- risks and assumptions for the evaluation are identified and data collected to understand how they are affecting the work.
To help organisations achieve this we often use the ‘ISM Behaviour Change Framework’ a toolkit developed by the Scottish Government to promote environmental behaviour change, but that can be used for any change project to understand how factors operating in the individual, social and material contexts are likely to influence success. Participants were particularly interested in this tool and in hearing how others had used it alongside the outcome maps to analyse context.
Find a champion (or two)
A key reflection from the morning was the importance of having one or more people champion outcome evaluation within each organisation. Participants highlighted the many different time pressures everyone faces and how easy it is for evaluation of any kind to slip down the agenda. They also reflected the need to engage with the process regularly to keep up confidence and skills in driving forward the evaluative work.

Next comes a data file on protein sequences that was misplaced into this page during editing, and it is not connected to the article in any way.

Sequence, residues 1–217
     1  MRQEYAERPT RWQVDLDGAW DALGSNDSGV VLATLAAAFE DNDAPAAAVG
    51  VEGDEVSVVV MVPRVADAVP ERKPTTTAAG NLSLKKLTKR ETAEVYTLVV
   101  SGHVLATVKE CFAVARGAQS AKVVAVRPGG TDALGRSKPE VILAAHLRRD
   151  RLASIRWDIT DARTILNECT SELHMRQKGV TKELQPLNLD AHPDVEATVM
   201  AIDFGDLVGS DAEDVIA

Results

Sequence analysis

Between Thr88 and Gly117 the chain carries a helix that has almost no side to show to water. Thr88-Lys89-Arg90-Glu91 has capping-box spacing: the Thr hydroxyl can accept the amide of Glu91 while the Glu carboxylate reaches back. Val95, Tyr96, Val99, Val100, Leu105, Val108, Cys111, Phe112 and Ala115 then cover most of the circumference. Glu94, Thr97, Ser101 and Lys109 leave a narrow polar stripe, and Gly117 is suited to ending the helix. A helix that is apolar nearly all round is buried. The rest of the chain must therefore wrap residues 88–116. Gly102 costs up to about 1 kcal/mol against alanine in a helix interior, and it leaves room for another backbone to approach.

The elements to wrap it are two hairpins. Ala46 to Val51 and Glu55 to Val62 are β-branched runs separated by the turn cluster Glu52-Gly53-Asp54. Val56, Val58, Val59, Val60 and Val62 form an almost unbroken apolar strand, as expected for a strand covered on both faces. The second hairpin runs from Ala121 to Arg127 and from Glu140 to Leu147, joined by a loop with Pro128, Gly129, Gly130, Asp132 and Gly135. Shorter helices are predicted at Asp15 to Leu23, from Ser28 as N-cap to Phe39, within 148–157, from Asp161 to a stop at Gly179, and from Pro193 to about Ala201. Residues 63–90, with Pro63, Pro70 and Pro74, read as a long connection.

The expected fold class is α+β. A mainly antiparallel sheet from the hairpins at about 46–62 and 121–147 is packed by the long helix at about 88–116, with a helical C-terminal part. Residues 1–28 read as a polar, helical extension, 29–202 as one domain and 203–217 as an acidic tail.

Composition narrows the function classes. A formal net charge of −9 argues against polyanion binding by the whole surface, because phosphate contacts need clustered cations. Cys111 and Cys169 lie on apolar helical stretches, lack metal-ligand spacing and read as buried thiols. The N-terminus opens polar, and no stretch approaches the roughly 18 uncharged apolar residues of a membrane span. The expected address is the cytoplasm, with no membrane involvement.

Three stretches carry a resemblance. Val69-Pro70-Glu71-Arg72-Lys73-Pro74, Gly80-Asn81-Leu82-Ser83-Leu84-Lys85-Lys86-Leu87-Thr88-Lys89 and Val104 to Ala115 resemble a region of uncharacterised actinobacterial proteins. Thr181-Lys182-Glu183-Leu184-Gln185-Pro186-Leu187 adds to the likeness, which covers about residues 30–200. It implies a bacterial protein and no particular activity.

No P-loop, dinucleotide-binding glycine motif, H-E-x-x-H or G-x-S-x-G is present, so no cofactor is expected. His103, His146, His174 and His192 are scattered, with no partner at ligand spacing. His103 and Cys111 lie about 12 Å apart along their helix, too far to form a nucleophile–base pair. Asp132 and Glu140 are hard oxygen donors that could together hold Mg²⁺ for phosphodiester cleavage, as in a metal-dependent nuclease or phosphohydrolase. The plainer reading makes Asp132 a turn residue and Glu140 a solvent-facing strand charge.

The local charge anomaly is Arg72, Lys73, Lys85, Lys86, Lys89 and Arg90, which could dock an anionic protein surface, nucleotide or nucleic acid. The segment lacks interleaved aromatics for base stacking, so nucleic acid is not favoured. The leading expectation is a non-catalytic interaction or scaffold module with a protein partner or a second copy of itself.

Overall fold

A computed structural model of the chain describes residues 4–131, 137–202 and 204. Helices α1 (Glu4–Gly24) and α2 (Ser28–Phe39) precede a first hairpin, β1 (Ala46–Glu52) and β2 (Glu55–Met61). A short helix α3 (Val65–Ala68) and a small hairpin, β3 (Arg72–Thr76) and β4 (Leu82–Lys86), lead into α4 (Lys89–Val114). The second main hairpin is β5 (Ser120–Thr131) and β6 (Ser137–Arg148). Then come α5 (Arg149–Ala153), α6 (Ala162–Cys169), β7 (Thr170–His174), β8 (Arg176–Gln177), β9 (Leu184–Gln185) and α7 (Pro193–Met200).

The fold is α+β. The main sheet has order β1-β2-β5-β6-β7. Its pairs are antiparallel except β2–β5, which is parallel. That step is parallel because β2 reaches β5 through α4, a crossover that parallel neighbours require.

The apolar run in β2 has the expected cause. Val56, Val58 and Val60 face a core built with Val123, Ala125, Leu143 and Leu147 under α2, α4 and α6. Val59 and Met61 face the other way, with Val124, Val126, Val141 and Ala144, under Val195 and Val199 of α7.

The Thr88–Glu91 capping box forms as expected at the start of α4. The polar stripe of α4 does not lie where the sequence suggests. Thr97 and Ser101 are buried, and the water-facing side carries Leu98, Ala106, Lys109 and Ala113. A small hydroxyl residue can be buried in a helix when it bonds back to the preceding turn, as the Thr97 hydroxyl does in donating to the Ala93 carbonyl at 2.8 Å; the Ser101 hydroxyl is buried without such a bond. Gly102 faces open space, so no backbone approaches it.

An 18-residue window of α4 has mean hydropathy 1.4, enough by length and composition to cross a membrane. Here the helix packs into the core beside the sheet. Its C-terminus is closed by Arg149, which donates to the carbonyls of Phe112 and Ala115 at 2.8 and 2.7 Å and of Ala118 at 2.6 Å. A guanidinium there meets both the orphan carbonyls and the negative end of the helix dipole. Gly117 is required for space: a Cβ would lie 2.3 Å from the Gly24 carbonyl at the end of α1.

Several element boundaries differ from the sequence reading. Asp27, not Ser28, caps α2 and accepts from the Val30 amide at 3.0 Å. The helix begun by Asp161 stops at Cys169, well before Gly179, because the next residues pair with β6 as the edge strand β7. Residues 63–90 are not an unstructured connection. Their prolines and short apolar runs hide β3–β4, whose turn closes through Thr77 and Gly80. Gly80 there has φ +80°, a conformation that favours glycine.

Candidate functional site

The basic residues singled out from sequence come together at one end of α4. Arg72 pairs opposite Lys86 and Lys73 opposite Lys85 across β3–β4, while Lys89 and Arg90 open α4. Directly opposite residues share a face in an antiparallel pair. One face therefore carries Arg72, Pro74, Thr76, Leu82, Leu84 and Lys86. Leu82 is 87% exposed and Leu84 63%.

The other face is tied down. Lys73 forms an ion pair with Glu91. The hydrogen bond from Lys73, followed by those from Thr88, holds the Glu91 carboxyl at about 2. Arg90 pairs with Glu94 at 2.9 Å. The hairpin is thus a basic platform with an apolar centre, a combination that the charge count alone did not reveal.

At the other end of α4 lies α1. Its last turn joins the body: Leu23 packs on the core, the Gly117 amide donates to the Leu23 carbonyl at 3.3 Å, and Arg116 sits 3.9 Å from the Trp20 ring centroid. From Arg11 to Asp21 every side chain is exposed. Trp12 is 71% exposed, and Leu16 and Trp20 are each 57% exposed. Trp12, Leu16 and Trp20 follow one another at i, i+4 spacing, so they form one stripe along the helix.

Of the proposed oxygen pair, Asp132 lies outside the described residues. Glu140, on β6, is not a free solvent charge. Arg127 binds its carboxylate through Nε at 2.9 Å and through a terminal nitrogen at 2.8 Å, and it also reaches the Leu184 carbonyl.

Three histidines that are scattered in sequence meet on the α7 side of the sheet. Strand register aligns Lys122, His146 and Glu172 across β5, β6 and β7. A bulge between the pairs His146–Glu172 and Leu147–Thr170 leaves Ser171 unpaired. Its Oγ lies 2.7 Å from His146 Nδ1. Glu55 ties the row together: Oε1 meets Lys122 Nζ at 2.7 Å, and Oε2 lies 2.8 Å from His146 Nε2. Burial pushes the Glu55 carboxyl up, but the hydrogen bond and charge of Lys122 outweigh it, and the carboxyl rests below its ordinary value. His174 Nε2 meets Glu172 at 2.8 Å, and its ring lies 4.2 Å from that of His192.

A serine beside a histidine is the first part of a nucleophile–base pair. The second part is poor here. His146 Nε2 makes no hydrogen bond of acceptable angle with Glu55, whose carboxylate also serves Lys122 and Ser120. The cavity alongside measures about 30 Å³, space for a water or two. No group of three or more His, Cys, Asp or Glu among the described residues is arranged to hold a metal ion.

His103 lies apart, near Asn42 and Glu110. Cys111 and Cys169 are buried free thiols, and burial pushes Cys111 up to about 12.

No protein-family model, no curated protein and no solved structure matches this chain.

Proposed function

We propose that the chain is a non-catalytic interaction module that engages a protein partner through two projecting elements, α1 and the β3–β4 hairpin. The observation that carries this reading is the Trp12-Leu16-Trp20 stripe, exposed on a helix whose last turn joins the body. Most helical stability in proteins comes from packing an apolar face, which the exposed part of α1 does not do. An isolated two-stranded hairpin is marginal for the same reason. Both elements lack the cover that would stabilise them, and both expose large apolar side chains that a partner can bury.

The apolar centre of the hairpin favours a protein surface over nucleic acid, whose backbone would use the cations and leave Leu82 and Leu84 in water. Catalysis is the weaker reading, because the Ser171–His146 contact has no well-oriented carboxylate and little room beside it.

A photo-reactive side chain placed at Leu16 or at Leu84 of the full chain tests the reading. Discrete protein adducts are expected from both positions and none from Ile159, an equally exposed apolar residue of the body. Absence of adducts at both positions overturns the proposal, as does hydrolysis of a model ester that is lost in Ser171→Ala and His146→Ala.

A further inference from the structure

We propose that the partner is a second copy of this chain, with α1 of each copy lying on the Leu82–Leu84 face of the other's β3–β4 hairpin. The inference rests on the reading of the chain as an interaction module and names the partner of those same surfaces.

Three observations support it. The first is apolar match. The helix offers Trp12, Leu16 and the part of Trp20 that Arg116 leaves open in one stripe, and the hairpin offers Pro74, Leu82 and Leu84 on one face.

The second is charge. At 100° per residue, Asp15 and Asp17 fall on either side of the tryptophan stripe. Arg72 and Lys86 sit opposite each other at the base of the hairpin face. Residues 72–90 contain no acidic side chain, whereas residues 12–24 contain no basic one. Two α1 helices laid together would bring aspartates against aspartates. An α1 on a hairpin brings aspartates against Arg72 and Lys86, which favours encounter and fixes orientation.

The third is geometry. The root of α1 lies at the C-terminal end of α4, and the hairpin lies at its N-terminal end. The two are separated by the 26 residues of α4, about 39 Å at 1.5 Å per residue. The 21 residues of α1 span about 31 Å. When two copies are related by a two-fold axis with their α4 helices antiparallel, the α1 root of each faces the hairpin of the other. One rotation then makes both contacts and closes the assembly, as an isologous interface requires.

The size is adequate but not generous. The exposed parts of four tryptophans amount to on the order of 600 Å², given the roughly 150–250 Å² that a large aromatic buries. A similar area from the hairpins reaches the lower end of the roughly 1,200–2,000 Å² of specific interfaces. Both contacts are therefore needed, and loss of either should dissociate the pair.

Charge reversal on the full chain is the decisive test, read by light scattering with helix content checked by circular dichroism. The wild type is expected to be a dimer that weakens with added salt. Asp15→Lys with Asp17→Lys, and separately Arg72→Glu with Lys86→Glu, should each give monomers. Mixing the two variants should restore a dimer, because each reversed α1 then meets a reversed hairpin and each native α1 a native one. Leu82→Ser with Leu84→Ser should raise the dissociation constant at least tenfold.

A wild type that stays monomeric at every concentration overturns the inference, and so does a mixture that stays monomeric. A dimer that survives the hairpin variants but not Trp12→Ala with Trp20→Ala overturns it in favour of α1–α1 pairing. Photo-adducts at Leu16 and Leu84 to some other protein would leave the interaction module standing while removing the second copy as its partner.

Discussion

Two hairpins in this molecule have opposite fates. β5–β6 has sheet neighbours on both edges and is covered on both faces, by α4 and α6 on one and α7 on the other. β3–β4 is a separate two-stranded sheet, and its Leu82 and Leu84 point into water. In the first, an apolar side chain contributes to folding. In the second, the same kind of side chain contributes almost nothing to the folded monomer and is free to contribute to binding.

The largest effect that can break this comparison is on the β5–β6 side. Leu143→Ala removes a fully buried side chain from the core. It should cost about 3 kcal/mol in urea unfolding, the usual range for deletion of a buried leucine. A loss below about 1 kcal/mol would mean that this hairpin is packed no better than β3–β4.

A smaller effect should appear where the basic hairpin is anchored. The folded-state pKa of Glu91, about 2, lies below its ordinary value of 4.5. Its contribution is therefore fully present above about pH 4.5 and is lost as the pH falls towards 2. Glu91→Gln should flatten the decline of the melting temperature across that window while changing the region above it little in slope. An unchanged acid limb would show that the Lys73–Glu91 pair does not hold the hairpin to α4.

Investing time in OutNav is time well spent
Using OutNav creates new opportunities for outcome evaluation, for example the ability to share good evaluative practice between projects. Participants reflected that the more time they spent in OutNav the more they benefitted from its accessible and structured approach and its collaborative and practical functionality.
For us here at Matter of Focus this second OutNav Community meeting felt like a really important milestone. We have spent the past year and a half planning for and building a tool that reflects the complexity of public service evaluation and supports non specialist researchers to carry out great outcome evaluation in a way that embraces, rather than reduces, that complexity. Along the way we have had moments of uncertainty and questions about whether we have bitten off more than we can chew. Through all of this the commitment and inspiration of our amazing pioneering clients has kept us focused and on track. We are very excited about what we can achieve together over the coming months and years!